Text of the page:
Clean eating is a big deal. Not many of us have escaped the healthy eating revolution or the gluten-free tidal wave.
If you’ve embraced super foods yourself, you may want to pass the health benefits onto your dog. But is feeding dogs quinoa a good idea?
What is quinoa?
Despite being used as a grain, quinoa is a seed. Related to spinach and Swiss chard it dates back over 3,000 years.
With an impressive nutritional profile, it comes in white, red and black varieties. And it has gained popularity because it is gluten free and contains all nine essential amino acids that are essential for health.
Because our bodies can’t produce these amino acids, we have to get them through our diet. They are key to our immune systems, muscle strength and the formation of blood cells.
Each cup of quinoa contains a whopping eight grams of lean protein as well as an impressive range of vitamins and minerals including, vitamin B, vitamin E, iron, zinc, and potassium.
With so much in its favour, it’s no wonder that more people are feeding dogs quinoa. It is also making its way into commercial dog foods where it replaces other more calorific protein.
But should we be feeding dogs quinoa or are there risks?
Feeding dogs quinoa, The good
Is quinoa good for dogs? There is a good argument that supports the claim that it is.
Quinoa is a great source of complex carbohydrate. Along with a low glycemic index it makes a good alternative to other grains such as rice. Because of it’s unique nutritional profile it is suitable for diabetic dogs.
It is gluten free and lower in calories than other grains, so it’s also a great choice for dogs that are overweight or that have sensitive stomachs.
Quinoa is easy to digest and contains prebiotics which are vital for healthy digestion. And it packs a powerful punch regarding vitamins and minerals as well as fiber. So are there any downsides to feeding dogs quinoa?
Feeding dogs quinoa, The bad
There is a counter argument that grains, even pseudo grains like quinoa do not belong in a dog’s diet. Since our dogs have a very different digestive system to our own and some do not tolerate grains or seeds well.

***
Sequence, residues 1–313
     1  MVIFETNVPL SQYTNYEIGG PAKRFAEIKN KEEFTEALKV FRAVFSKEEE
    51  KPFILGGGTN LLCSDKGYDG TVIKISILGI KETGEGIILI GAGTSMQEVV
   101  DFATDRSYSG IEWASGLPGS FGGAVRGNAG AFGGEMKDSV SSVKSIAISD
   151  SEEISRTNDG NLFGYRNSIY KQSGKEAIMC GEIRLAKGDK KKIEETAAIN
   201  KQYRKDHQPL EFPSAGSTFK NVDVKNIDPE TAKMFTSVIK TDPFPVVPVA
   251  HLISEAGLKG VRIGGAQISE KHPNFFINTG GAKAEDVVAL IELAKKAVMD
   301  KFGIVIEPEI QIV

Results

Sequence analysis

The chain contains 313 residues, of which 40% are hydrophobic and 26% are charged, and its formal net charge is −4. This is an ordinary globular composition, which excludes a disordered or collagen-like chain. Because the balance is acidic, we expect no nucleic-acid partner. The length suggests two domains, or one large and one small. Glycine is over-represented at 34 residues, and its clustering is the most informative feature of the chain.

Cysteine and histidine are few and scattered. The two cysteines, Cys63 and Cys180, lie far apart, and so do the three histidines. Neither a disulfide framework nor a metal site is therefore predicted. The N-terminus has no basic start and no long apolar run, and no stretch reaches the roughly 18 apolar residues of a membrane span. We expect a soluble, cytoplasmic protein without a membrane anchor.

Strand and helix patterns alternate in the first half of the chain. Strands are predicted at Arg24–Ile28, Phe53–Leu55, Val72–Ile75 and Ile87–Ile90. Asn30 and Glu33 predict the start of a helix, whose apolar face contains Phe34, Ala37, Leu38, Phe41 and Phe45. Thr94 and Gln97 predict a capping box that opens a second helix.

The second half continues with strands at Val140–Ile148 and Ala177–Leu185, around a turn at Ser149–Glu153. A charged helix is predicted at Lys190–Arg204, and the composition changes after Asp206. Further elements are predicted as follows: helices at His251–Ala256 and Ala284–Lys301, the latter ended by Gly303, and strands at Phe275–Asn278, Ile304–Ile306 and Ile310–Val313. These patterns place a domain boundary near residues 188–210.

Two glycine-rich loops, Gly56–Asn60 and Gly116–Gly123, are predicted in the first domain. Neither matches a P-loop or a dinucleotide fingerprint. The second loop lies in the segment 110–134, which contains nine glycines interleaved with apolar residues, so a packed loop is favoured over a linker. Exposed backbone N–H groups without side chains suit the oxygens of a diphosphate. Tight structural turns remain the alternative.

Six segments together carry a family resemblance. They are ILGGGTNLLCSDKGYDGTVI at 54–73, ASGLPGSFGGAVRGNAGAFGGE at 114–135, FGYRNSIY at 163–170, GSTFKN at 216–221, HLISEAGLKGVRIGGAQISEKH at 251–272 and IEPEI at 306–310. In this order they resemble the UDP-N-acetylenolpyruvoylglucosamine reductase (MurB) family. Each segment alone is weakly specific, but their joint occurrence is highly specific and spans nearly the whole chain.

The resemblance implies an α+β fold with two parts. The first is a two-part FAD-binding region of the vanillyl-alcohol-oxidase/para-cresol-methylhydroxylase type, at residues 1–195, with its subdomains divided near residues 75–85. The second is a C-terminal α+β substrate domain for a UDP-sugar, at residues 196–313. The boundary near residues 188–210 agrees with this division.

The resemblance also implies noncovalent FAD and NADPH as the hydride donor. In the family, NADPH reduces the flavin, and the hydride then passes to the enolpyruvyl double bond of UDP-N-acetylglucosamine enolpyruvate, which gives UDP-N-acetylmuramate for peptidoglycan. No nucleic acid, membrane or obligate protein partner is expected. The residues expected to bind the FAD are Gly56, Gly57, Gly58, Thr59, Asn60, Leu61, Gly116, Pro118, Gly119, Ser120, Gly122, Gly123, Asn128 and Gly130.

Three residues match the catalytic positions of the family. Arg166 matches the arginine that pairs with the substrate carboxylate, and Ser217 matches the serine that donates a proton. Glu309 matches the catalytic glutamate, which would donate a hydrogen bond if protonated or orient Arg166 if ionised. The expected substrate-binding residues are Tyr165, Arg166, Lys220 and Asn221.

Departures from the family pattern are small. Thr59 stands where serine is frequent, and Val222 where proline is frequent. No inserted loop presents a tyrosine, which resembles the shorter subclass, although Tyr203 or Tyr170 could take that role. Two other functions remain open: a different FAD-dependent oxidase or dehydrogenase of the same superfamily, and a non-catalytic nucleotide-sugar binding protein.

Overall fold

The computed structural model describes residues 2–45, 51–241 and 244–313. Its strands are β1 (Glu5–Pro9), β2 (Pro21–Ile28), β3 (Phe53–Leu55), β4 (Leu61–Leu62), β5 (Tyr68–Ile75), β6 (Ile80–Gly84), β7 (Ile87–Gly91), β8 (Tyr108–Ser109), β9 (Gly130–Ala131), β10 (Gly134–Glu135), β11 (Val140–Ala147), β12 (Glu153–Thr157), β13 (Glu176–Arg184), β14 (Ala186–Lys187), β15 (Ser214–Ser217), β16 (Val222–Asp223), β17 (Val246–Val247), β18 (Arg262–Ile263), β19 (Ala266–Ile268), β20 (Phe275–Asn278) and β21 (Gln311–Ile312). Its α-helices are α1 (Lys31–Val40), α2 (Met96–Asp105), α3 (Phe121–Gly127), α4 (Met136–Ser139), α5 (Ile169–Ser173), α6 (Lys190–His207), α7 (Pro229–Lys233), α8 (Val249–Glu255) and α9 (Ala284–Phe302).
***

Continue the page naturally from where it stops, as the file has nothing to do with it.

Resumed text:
If you do want to give your dog quinoa then always start with a small amount. As with any new food monitor for any adverse reactions before you increase the amount or frequency that your dog eats it.
Before feeding dogs quinoa, always wash it thoroughly and cook it. It has a bitter tasting coating to deter birds that is mildly toxic. Most commercially available quinoa will have been processed to remove these saponins it’s always worth rinsing it again.
And the healthy
Is feeding dogs quinoa a good idea? Yes, in certain circumstances it can be a healthy treat for your dog.
Quinoa has a low fat, low allergen, and high nutritional profile which means that it may be suitable for dogs that may not otherwise be able to tolerate grain based food or treats.
So if you fancy whipping up a batch of healthy treats then why not try one of the recipes below.
- 1 cup uncooked quinoa
- 16 oz jar of peanut butter
- Overcook the quinoa – you want this super mushy to the point where you can’t tell one seed from another so don’t follow the normal cooking instructions. Use about 4 cups of water and after bringing to a boil simmer for about 45 minutes. Keep an eye on it; you may need to add extra water to keep it from drying out.
- Add the whole jar of peanut butter and stir well, should be a rather thick consistency.
- Scoop into a mini muffin pan, no need to grease the pan because the peanut butter provides plenty of oil.
- Bake on 250 for about 2.5 hours until the goopy mixture hardens up enough to remove from the pan easily
- Cool completely before serving. Makes 36 large treats.
- 1 sweet potato, cooked and cooled
- 1/4 cup coconut oil
- 2 cups quinoa flour
- Preheat your oven to 350º F.
- Add your sweet potato and coconut oil, and mix until well combined. Don’t worry about getting it completely smooth.
- Add your flour, about a half cup at a time, until your dough begins to stick together and release from the sides of your bowl.
- On a floured surface, roll out your dough to 1/4 inch thick and cut out your treats. Quinoa flour is not as elastic as regular flour, so you may have to roll in batches if your dough breaks apart easily.
- Bake your treats for 20-25 minutes, then turn the oven off (or as far down as you can make it go) and let them sit and dry out for another 45 minutes to an hour. Take out your treats and let them cool before putting them away.
- 1 tablespoon coconut oil
- 2 small cooked skinless chicken breast
- 1 medium zucchini
- 10 baby carrots or 2-3 regular sized carrots
- 1 ½ cups cooked quinoa
- 1 stock cube ( low sodium)
- 32 oz of filtered water
- Couple of tablespoons of fresh chopped parsley for garnish (optional)
- Heat pan to medium high and add coconut oil.
- Add chopped carrots and sauté for about 4 minutes till they get soft.
- About 2 minutes in, add the chopped zucchini and cook for an additional 2 minutes.
- In a medium size stockpot, add the water and bring to a low boil.
- Add carrots and zucchini to the broth and turn heat down to a simmer.
- Shred the chicken breast and add to broth along with the quinoa.
- Stir and turn off heat so soup cools down to room temperature.
- Garnish with parsley if you want and serve to your pup or cat to warm them up!